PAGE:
Ireland won the Men’s Home internationals for an historic fourth year in a row as they snatched victory over England by just a half game point. The teams had each won their earlier two matches against Scotland and Wales and they met in a title showdown on the final day of the championship at Moortown, Yorkshire.
After 36 holes of ups and downs, drama and suspense, they halved their match with 7.5 points apiece. But, over the three days, Ireland had won 26.5 games to England’s 26 – and, once again, the Raymond Trophy will be travelling home with them.
For Ireland it was the signal for celebrations with team captain Tony Goode, bowing out on a high after his three years in office. Not only is this the first time that Ireland has successfully won the trophy four years in a row, but he believes he is the first captain to amass three consecutive wins.
“It’s historic, an amateur record,” he commented. “The boys at the front led as I expect them to and the boys at the back did exceptionally well. It was an absolutely great performance.”
For England, there was huge disappointment once again. They lost this championship last year on the last putt on the last green. They lost the gold medal in the European team championships a few weeks ago on the last putt on the last green. Today, they were denied victory when they were within touching distance of claiming the prize.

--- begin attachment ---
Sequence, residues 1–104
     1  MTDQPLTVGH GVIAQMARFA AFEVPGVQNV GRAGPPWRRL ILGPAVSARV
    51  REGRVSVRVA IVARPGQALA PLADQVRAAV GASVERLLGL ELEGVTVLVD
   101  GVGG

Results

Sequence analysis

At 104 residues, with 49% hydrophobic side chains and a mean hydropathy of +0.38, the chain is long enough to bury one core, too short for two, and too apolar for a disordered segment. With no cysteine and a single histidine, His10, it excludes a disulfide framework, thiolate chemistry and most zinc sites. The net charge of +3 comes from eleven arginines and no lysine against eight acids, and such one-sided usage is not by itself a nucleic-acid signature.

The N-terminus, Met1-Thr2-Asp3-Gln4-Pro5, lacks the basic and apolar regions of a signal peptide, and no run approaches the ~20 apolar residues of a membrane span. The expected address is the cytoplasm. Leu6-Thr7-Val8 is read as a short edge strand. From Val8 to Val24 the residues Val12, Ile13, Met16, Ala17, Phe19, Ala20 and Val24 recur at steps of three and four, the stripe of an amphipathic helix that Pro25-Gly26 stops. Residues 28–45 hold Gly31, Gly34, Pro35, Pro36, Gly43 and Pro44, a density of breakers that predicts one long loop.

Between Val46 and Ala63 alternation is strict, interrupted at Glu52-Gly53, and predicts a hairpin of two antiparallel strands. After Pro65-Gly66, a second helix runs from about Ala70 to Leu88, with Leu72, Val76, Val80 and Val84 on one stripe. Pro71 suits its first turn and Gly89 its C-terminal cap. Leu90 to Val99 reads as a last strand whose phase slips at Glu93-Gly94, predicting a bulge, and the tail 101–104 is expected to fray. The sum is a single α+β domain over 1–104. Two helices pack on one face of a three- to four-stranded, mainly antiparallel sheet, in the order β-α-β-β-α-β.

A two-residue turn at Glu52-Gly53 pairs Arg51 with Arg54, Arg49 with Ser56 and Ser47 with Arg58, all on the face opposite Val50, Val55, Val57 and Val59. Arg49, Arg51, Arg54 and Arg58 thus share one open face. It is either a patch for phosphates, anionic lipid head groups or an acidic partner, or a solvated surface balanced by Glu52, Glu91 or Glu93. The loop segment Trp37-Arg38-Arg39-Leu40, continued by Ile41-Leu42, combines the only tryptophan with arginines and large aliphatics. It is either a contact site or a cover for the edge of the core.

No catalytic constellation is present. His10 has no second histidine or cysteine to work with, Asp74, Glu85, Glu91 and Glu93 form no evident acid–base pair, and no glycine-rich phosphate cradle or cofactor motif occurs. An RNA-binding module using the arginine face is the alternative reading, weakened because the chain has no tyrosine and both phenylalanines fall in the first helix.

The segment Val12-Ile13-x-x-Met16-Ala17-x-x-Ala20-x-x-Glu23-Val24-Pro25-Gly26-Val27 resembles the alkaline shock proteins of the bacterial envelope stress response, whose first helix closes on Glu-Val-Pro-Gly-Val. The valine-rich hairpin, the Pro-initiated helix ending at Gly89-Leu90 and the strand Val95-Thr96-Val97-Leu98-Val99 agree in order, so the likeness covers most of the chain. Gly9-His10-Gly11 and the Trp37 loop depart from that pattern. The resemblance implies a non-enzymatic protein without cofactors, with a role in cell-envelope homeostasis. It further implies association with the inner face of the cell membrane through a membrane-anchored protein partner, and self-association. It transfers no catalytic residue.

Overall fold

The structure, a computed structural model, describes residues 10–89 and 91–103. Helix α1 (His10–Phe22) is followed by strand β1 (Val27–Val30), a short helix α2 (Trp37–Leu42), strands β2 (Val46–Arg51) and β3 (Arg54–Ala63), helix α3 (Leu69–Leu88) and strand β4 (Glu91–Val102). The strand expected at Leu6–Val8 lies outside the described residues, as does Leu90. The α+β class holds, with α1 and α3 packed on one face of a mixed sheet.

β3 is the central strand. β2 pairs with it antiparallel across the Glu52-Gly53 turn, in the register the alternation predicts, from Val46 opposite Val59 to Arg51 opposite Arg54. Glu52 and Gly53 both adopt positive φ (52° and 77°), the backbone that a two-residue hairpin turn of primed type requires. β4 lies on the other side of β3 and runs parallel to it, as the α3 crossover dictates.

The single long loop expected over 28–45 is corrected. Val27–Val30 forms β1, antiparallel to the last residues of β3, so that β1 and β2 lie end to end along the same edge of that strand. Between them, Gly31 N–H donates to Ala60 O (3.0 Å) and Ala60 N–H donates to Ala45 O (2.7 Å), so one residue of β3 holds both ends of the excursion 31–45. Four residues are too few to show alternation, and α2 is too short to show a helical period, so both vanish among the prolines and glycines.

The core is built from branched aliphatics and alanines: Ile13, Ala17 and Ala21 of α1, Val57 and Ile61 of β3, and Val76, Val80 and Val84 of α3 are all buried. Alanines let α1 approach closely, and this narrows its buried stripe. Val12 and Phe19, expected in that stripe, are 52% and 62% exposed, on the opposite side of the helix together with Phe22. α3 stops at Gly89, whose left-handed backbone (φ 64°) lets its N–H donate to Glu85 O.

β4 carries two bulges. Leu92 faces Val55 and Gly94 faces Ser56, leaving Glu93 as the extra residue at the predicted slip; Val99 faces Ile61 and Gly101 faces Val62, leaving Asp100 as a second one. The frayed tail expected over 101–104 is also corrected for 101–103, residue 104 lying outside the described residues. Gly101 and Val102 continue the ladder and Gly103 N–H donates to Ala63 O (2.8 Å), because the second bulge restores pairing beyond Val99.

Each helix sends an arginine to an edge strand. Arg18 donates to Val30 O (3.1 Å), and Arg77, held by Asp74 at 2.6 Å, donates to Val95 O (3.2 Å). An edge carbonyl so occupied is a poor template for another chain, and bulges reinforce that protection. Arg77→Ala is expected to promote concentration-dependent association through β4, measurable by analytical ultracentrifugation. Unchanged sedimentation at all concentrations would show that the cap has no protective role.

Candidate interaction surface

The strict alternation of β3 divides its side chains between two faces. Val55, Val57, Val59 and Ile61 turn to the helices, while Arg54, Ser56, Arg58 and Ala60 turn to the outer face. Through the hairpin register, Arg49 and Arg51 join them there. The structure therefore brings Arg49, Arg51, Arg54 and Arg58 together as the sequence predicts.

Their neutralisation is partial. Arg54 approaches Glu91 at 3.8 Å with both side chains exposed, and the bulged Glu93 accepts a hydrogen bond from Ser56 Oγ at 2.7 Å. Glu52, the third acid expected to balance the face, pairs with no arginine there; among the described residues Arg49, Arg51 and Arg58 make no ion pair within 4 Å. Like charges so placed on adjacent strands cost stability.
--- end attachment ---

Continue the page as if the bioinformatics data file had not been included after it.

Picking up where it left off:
Ireland cast the first blow in the foursomes, which they won 3-2 after the final game of the morning was decided by stunning golf between the England partnership of Jake Burnage and Bradley Moore and their opponents, Colm Campbell and John Ross Galbraith. Ireland birdied 15, England birdied 16, both pairs birdied 17, but Ireland went up the last 1up and held on to their advantage.
As the singles unfolded, it was England who had the upper hand for much of the afternoon. Although Ireland led in the top two games the rest were going England’s way and a narrow win looked in sight.
Dan Brown and Will Whiteoak put their winning points on the board and Matthew Jordan squeezed a half out of the top game. But Ireland were also making ground with the wins of Conor O’Rourke, Caolan Rafferty and Colin Fairweather and a half from Alex Gleeson – and it became clear that the match would go down to the wire.
There was still hope. If England could win the last three games the title would be theirs and Josh Hilleard, Bradley Moore and Jake Burnage were all up after 12 holes. Hilleard was taken to the 16th and Moore to the 17th before they secured their points and, as the pressure grew, Burnage dropped one behind on 17 with a bogey after his tee shot was bunkered. It was the end of England’s chances, but he won the 18th with a solid par halving his game and the overall scoreline.